Trucks Use GPS To Anticipate Hills, Save Fuel

Daimler has debuted a new speed control system on their long-haul trucks that uses GPS data to automatically choose the right gear for going up or down a hill.

Available on the Mercedes-Benz Actros, Predictive Power Control takes advantage of topographic data programmed into the truck’s GPS in order to properly shift the truck’s 12-speed automatic transmission on grades. It can also activate the Actros’ “EcoRoll” function, which lets the truck coast in neutral when its safe to do so. Fitted to a truck that’s hauling a heavy load over moderately hilly terrain, it promises a three percent improvement in fuel economy.

According to Daimler, such fuel savings “could only be matched by an extremely motivated truck driver with an exceptional level of concentration,” plus an uncanny knowledge of the road ahead. If an Actros is taking the road less traveled, Predictive Power Control will most likely come out ahead.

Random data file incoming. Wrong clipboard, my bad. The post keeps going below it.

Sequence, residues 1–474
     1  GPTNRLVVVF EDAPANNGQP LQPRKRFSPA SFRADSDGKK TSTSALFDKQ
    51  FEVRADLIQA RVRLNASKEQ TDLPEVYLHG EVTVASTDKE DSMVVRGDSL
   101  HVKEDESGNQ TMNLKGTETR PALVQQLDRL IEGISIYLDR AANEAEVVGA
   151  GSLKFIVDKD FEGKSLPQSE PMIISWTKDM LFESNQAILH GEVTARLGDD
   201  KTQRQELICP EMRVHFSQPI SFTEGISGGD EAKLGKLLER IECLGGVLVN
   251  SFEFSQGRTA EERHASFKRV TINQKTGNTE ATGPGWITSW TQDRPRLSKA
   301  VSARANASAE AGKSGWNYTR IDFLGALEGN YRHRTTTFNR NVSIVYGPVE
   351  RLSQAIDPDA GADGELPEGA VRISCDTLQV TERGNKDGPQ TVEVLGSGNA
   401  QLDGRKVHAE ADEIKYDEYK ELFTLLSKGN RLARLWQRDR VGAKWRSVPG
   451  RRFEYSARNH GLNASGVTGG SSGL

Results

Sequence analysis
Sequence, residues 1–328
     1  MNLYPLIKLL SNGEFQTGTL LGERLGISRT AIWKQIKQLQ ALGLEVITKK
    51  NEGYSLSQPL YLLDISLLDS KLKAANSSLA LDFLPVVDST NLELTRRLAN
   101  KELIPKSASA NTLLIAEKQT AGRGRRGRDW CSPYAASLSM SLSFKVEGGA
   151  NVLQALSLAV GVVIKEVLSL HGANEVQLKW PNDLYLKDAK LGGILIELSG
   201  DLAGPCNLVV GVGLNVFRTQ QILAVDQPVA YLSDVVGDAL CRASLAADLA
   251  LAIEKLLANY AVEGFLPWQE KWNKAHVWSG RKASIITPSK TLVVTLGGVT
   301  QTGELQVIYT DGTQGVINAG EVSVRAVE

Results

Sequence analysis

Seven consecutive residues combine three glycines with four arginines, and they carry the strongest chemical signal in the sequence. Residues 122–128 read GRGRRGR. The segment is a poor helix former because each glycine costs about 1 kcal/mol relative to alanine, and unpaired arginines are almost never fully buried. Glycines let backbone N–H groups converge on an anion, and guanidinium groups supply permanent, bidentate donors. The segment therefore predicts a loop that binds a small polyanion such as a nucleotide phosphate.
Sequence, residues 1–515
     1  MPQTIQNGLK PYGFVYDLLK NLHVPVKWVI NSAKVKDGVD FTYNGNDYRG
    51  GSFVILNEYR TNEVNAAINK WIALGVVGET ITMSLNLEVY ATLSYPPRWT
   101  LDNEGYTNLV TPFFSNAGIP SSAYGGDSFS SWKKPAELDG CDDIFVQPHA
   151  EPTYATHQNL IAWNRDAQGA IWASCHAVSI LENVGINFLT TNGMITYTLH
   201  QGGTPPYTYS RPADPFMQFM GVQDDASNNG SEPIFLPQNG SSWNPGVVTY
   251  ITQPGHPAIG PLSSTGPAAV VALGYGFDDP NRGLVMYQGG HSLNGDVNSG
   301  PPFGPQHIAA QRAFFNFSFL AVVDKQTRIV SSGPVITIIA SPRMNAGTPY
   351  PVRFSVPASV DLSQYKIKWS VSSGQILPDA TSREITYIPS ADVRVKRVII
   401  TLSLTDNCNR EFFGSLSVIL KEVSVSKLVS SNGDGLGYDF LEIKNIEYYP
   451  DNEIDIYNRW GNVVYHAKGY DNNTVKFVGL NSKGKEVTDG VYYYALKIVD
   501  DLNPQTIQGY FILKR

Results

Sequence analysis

If a truck with predictive cruise control sounds familiar, that’s because Daimler’s Freightliner division already released a similar setup in the US back in 2009. Instead of shifting gears for the driver, however, Freightliner’s RunSmart only could control the truck’s throttle. Daimler built on that technology to create the system that’s now available on the Actros. Similarly, in 2001 Toyota debuted NAVI.AI-Shift, a system that uses GPS data to predict hills and curves to best select a gear.

On the Actros, Predictive Power Control not only saves fuel but makes it easier for a driver to do his or her job. If there’s a steep downhill grade ahead, the truck will single or double downshift as soon as its appropriate to do so. Of course, manual controls are always available to the driver for maximum control.

The new Actros replaces the existing line of Actros trucks, which debuted in 1995. They’re not sold in the US, and an extremely rare sight in North America.